The European Commission has unveiled its much-anticipated Green Deal – the EU's "new growth strategy". IEEP has taken an early look at the content. Here are our first impressions.
201 results found for "sustainable development" ordered by most recent first
The EU has some of the highest levels of human development in the world. No member state, however, is currently guaranteeing the well-being of its citizens while also staying within planetary boundaries.
This year's World Soil Day highlights again the urgency for European and global policymakers to act on soil erosion as a key environmental and sustainability challenge.
Today, the Swedish Foundation for Strategic Environmental Research, Stockholm Environment Institute and the Institute for European Environmental Policy are proud to announce a policy dialogue on solutions for advancing the European circular economy through the European Green Deal, that will be unveiled on 11 December.
This briefing paper seeks to inform EU, national and regional policymakers about how the latest Common Agricultural Policy (CAP) reform could deliver much-needed improvements in environmental and climate action.
The EU Conference "Halting the loss of pollinators: the role of the EU agricultural and regional development policies" looks back at what has been achieved in the 2014-2020 period, and discusses how to step up actions in the future.
Martin Nesbit has taken a first look at how some of the nominated Commissioners stack up to Europe's environmental and sustainability needs
IEEP’s newest report examines the foreseen impacts of implementing circular economy measures in the EU on international trade and – through trade – on third countries.
This study, carried out by IEEP, with the support of the Finnish Ministry of Foreign Affairs, analyses the global dimension of the EU circular economy, exploring the links with trade and sustainable development.
Despite new and promising announcements by the Trade Commissioner-designate Phil Hogan, the EU is struggling to turn words and good intentions into effective actions when it comes to using trade as a vehicle for sustainability.
The Sustainable Development Solutions Network (SDSN) and the Institute for European Environmental Policy (IEEP) have published the first independent quantitative report on the progress of the European Union and its member states towards Sustainable Development Goals (SDGs), agreed by all UN member states in 2015.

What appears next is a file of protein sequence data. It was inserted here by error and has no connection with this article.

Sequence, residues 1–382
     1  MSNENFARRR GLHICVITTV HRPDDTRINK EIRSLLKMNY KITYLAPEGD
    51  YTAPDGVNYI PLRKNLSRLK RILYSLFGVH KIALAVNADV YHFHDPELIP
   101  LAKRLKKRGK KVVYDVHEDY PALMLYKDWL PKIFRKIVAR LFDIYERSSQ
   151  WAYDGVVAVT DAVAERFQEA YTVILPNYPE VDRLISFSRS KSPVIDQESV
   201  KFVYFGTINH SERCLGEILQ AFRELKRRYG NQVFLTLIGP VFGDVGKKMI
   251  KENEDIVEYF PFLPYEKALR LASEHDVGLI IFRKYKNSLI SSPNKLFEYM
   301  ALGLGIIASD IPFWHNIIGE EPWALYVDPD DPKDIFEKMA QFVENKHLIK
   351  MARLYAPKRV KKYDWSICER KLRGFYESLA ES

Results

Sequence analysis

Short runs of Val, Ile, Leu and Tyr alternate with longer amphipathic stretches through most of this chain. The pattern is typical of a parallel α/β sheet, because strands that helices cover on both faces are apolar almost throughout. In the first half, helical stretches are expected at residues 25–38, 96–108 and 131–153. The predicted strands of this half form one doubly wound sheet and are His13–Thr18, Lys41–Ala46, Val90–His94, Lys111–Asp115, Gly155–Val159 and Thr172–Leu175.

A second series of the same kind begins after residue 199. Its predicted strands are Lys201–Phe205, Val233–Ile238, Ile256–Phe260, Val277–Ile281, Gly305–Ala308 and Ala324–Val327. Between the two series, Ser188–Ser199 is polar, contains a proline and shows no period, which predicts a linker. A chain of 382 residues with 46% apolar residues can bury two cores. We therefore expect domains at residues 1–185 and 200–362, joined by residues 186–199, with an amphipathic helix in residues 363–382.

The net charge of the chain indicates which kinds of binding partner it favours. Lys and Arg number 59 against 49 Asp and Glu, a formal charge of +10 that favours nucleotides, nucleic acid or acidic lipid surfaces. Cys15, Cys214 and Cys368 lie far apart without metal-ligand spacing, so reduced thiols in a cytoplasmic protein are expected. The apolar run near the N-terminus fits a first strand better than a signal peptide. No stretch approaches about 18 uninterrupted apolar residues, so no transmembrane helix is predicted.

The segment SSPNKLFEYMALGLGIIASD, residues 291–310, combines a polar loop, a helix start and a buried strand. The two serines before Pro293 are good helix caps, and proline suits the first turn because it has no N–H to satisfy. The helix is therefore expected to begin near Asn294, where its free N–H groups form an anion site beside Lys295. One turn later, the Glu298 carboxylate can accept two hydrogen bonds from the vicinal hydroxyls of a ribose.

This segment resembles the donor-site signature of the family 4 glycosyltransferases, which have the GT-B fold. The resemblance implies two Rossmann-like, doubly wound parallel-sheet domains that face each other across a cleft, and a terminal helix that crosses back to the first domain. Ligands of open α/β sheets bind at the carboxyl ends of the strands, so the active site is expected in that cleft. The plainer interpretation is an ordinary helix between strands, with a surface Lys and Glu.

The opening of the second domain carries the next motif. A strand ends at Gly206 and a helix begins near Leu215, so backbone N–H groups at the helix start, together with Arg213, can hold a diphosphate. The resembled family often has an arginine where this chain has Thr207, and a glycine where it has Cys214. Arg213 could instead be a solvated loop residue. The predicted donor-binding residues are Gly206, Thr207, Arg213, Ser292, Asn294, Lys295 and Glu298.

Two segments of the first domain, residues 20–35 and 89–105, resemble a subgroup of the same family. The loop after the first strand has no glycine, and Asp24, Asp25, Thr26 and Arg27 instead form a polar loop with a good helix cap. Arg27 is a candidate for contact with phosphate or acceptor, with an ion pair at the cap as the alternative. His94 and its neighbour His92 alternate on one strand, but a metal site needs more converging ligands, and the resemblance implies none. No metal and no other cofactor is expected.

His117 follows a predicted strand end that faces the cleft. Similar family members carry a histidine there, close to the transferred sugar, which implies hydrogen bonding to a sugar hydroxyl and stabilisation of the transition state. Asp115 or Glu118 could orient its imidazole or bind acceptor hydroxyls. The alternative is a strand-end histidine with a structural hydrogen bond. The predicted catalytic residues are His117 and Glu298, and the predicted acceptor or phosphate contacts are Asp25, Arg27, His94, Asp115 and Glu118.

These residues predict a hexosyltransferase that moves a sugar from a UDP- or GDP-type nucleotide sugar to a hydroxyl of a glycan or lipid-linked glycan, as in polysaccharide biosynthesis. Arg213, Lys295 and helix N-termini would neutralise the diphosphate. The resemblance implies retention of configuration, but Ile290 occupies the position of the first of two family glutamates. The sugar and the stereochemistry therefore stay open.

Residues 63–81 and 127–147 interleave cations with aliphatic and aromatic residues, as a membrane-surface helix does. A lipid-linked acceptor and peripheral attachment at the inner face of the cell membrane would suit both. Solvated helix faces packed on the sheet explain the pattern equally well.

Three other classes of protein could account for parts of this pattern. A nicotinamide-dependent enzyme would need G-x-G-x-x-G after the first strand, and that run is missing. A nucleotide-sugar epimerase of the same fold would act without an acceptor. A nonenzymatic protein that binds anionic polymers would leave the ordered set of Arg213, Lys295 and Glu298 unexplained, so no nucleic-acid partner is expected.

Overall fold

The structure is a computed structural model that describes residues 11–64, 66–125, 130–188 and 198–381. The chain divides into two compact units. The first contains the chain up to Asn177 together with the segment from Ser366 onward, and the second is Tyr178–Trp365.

This report by IEEP and SDSN compares the performance of the EU and its 28 member states on all 17 SDGs and provides detailed country profiles using a mix of data sources.
The contribution and value of nature to human welfare and well-being – our natural capital – tends to be overlooked in many policy decisions and business choices. As a result, ecosystems are being degraded and natural resources are being used in an unsustainable way.
Europe’s ability to maintain and enhance its prosperity for generations to come requires a hard look at the nature of growth and the changes that would be required to achieve sustainability in line with the SDGs.
SDSN and IEEP organised a conference to launch the 2019 Europe Sustainable Development Report.
The event explores the interface between trade, sustainable development and the circular economy, seeking to improve policy coherence.
Download our calendar of environmental and sustainability events in Europe and around the world.
A Green Deal that puts nature at the heart of Europe's climate fight is urgently needed – and very well possible.
Europe’s 2020 strategy and the 7th Environmental Action Plan were conceived before the SDGs, the Paris agreement and before some of the recent advances in scientific understanding of planetary boundaries, and of the scale of interconnected challenges to come. In light of the severity and urgency of risk identified by experts around the world, a new approach is now needed.
Open letter after open letter, scientists are warning us that we are running out of time: the more we wait, the more likely it is that damage will become irreversible. The more we procrastinate, the more painful the decisions we'll have to make.